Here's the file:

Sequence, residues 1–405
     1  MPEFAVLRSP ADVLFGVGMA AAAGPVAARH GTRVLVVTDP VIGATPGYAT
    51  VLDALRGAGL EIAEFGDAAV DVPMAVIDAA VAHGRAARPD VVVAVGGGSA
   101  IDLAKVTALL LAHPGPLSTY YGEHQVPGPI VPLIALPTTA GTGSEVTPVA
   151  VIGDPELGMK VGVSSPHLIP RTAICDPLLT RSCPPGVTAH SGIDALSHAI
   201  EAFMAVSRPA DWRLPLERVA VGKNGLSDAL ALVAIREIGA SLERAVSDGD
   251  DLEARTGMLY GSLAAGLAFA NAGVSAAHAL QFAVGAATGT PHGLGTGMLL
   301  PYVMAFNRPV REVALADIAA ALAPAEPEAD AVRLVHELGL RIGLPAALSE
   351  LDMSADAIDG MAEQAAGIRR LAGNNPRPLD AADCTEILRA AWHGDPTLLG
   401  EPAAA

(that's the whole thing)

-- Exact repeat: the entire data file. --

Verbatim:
Sequence, residues 1–405
     1  MPEFAVLRSP ADVLFGVGMA AAAGPVAARH GTRVLVVTDP VIGATPGYAT
    51  VLDALRGAGL EIAEFGDAAV DVPMAVIDAA VAHGRAARPD VVVAVGGGSA
   101  IDLAKVTALL LAHPGPLSTY YGEHQVPGPI VPLIALPTTA GTGSEVTPVA
   151  VIGDPELGMK VGVSSPHLIP RTAICDPLLT RSCPPGVTAH SGIDALSHAI
   201  EAFMAVSRPA DWRLPLERVA VGKNGLSDAL ALVAIREIGA SLERAVSDGD
   251  DLEARTGMLY GSLAAGLAFA NAGVSAAHAL QFAVGAATGT PHGLGTGMLL
   301  PYVMAFNRPV REVALADIAA ALAPAEPEAD AVRLVHELGL RIGLPAALSE
   351  LDMSADAIDG MAEQAAGIRR LAGNNPRPLD AADCTEILRA AWHGDPTLLG
   401  EPAAA